Using fishers’ ecological knowledge to assess the status and cultural importance of sawfish in Guinea-Bissau



  1. Sawfishes have declined dramatically in West Africa and may be extinct throughout much of their historical range. Guinea-Bissau is considered to be one of the last remaining places in West Africa where sawfish persist.
  2. Fishers’ ecological knowledge (FEK) can provide valuable baseline data, which can be used to direct scientific studies, in situations where information is scarce or lacking and can also provide insight into local attitudes towards species of interest. Interview surveys were used to collect FEK data on the past and current range of sawfishes within Guinea-Bissau waters, perceived causes of the decline amongst fishermen, and the cultural importance of this species to Bissau-Guineans.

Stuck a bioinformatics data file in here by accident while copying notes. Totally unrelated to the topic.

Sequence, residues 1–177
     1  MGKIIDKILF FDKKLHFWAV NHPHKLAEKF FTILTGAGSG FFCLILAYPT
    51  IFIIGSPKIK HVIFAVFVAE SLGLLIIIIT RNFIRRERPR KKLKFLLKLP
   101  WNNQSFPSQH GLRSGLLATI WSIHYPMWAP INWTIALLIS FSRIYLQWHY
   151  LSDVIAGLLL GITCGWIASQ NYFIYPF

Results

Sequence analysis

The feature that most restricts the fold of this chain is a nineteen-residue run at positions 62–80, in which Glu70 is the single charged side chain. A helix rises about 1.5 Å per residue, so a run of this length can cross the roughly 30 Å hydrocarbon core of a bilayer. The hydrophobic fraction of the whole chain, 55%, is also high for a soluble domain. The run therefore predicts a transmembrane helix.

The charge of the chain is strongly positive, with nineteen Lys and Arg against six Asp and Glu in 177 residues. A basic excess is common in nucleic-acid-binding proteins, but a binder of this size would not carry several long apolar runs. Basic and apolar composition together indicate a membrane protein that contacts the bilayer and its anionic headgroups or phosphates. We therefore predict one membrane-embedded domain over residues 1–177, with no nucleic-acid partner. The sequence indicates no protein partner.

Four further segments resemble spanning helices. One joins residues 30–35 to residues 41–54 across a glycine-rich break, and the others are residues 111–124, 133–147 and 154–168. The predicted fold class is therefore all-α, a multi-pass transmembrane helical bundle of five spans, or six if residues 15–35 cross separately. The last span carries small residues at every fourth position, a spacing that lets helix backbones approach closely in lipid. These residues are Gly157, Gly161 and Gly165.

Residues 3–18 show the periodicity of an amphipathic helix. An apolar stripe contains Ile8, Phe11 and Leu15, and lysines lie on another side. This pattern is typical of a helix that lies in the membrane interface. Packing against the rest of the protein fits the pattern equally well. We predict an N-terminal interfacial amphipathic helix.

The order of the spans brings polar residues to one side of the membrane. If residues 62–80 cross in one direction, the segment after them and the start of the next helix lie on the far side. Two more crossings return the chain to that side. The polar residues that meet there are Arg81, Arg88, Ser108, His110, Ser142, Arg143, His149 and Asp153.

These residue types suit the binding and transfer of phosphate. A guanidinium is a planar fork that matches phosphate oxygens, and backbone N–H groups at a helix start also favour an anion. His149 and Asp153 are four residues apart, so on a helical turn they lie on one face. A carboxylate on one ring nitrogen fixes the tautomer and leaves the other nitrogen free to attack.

3. Data were collected from 274 respondents, of whom 85% could identify a sawfish from an image. The majority of respondents reported to have last seen a sawfish in the 1980s, although this varied considerably by region, and 30% of respondents in the south had seen or captured sawfishes in the past decade up to and including 2012.
  4. Overfishing or excessive fishing pressure was most frequently cited as a perceived cause for the decline in sawfish, followed by shark finning and overseas fishermen. The sawfish is primarily of cultural importance in the Bijagos Islands, where it is central to many traditional ceremonies.
  5. This information provides valuable insight into the cultural importance of sawfish to Bissau-Guineans and their concerns in relation to the sustainability of their local fishery resources. Information on recent catches will be useful for directing future work to locate and protect remaining sawfish in Guinea-Bissau.

Copyright © 2013 John Wiley & Sons, Ltd.